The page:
The highest fee is $1,782.
Then there is the fee to pay for the wastewater treatment plant expansion.  Add $314.86.

The cost is now $2,096.86.

This pays for the trunk line put in place to serve the area south of the Highway 120 Bypass. Add $576.56.

The cost is now $2,328.11
Add to that the interim sewer facility – basically to pay for a lift station. Add $231.25

The cost is now $2,904.67.
There is a sewer connection fee of $3,301 as well as a phase 3 completion charge of $1,802. All of the sewer charges, by the way, are assessed separately under law so it is clear what each fee covers.

The cost is now $8,007.67.
Storm drains to serve new development with fees based on the infrastructure needed to serve a particular area. The highest fee is $1,269.

The cost is now $9.276.67.
The transportation fee for major roads also has to be paid. The highest fee among the five residential zones is $1,996.

The cost is now $11,272.67.

Water fees are next. There is a surface water treatment plant debt fee of $3,219, a meter installation fee of $246, and a surface water capital fee of $98.

The cost is now $14,835.67.

There is also a government facilities fee to cover things such as additional space for the library, city hall, police headquarters, animal shelter, performing arts center and other uses. The cost is $2,852.

The cost is now $17,687.67.

Larger subdivisions are subject to an agricultural conversion fee of $14,104 or $2,820.80 per home. The money goes toward preserving agriculture land elsewhere within San Joaquin County or in and around Manteca.

The cost is now $20,508.47.

There is also a San Joaquin County Regional Transportation fee that is assessed to pay for non-local transportation needs troiggered by growth that is regional in nature for the county. The fee is $1,509.

The cost is now $22,017.47.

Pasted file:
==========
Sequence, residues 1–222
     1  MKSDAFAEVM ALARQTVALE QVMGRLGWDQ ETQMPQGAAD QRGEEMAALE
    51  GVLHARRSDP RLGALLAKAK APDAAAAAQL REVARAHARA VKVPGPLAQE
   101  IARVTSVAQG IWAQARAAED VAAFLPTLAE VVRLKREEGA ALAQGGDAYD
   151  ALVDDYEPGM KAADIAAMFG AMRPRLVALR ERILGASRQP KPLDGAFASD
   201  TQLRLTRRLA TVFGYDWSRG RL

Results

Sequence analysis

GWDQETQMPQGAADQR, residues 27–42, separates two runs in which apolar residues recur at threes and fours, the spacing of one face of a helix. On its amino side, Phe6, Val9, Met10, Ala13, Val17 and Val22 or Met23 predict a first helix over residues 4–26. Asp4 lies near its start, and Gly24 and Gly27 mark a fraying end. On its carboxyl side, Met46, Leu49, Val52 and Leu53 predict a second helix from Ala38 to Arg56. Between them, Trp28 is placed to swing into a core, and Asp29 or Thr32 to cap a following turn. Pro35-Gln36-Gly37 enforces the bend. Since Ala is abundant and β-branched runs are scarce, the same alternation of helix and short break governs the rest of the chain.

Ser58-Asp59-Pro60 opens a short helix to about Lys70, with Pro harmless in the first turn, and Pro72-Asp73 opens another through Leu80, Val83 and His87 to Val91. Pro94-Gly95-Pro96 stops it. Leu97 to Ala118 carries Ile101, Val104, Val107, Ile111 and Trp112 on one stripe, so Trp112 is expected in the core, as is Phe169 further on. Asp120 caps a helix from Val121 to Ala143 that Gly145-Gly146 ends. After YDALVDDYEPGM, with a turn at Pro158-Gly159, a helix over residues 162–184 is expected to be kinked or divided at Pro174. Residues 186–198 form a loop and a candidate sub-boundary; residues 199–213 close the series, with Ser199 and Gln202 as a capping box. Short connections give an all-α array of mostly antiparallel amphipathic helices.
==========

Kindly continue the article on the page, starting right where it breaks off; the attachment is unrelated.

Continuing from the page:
San Joaquin County is also assessing a facilities fee that cities had to agree to before any more land would be allowed to annex. The fee covers everything from jail and court needs to administrative centers such as the one proposed for Manteca on Daniels Street across from the Stadium Retail Center. The fee is $1,678.

The cost is now $23,695.47.

Fire facilities and major equipment purchases have a fee based on square footage of a home. A 2,500-square-foot home would have a $750 fee.

The cost is now $25,445.47.

Then there are other fees such as for parks and schools that are based on the typical home’s footprint will add at least $7,000.

The cost is now at $32,445.47.

Bonus bucks are biggest fee
Then there is the big fee – bonus bucks. The sewer allocation certainty fee for residential construction was proposed by builders to avoid lawsuits over the city’s first come, first-served approach that was in existence in the late 1990s. Now almost all development of consequences is in a development agreement that guarantees allocations for sewer servcie in exchange for a fee. The fee is on a sliding scale with $7,350 per home for one to 50 housing units a year, $8,172 per home for 51 to 99 housing units per year, and $13,340 per home for 100 or more housing units.

For the example, Woodside Homes is being charged $8,172.

The cost is now $40,617.57.

Without growth fees, Manteca would have no way to pay for infrastructure needed to handle additional residents and traffic except for borrowing and spreading 100 percent of the cost to all residents existing and new.

With growth fees, state law allows new construction to pay for the impacts they create. That means other costs – such as the existing residents’ share of a new city hall – are funded from other sources.